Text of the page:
and recycled materials. He will also bring a variety of percussion

instruments such as drums, triangles, tin cans and tambourines so children

can play along with him.

Mankita said he is donating this performance because he supports the

mission of the farmers market to bring local food to the community.

A father a five year-old, he said he believes going to the Farmers Market

is a whole lot more fun for kids than going to the supermarket.

“These days, going to a farmers market is more like going to a party than

going to a store,” he said.

From 3:30 p.m. until the market closes for the day at 6 p.m., Shiprock and

Anchordog, featuring local school teacher Evan Curran, will be singing

educational songs about food and farming, performing renditions of popular

kids’ songs and playing theater games with the children.

At 3 p.m., children can also make garden-related crafts at the Center

Nursery School’s arts & crafts table, which comes to the market every other

week.

The South Hadley Farmers' Market is held on the Town Common every Thursday,

from 1:00 p.m. - 6:00 p.m. from June through October. The market is

sponsored by Easthampton Savings Bank and Chicopee Savings Bank.

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Book lovers soon might not have to carry two library cards to access both

libraries in town.

Trustees from the public library and the Gaylord Memorial Library have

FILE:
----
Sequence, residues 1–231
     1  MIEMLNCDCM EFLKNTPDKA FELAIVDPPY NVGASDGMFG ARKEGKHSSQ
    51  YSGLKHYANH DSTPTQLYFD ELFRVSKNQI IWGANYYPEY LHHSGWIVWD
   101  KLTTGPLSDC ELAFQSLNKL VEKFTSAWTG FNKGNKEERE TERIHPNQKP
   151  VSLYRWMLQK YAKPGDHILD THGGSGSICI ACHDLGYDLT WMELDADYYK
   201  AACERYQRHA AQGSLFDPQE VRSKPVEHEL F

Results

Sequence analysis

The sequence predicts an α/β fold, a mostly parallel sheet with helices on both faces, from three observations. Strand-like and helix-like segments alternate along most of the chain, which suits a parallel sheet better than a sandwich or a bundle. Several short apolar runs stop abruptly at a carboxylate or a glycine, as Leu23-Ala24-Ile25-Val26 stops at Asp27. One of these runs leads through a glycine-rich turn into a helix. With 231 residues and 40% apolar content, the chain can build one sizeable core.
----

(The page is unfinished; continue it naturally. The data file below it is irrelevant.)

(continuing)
gained the support of the select board in applying for a grant from the

Massachusetts Board of Library Commissioners to help them move forward in

integrating the services of the two libraries, which could lead to both

libraries becoming part of the same access network.

At the select board meeting on July 16, the board passed a motion to write

a letter in support of the trustees receiving a grant of up to $10,000,

which would allow them to hire a consultant to evaluate and guide them in

their plans for further integration. The trustees will include the select

board’s letter in their application to the Massachusetts Board of Library

Commissioners.

The trustees started working toward integrating the services of the two

libraries in March of last year. Ways the library could further work

together include a shared staff, joint web and social media pages, and

centralized cataloging, according to a handout from the library trustees.

“I think the two libraries have a lot of common interests. We share a lot

of the same patrons. I think we both contribute to the quality of life here

in the town,” said public library director Joseph Rodio in a phone

interview.

Rodio said he is looking forward to the two libraries doing more joint

programming, such as the book discussion program South Hadley Reads, which

the libraries have held for ten years.

In a phone interview, select board chairman John Hine said that integration

of services provides opportunities to improve the town libraries while

reducing costs.

“I think we owe it to the town to look at how we can provide services

better,” Hine said.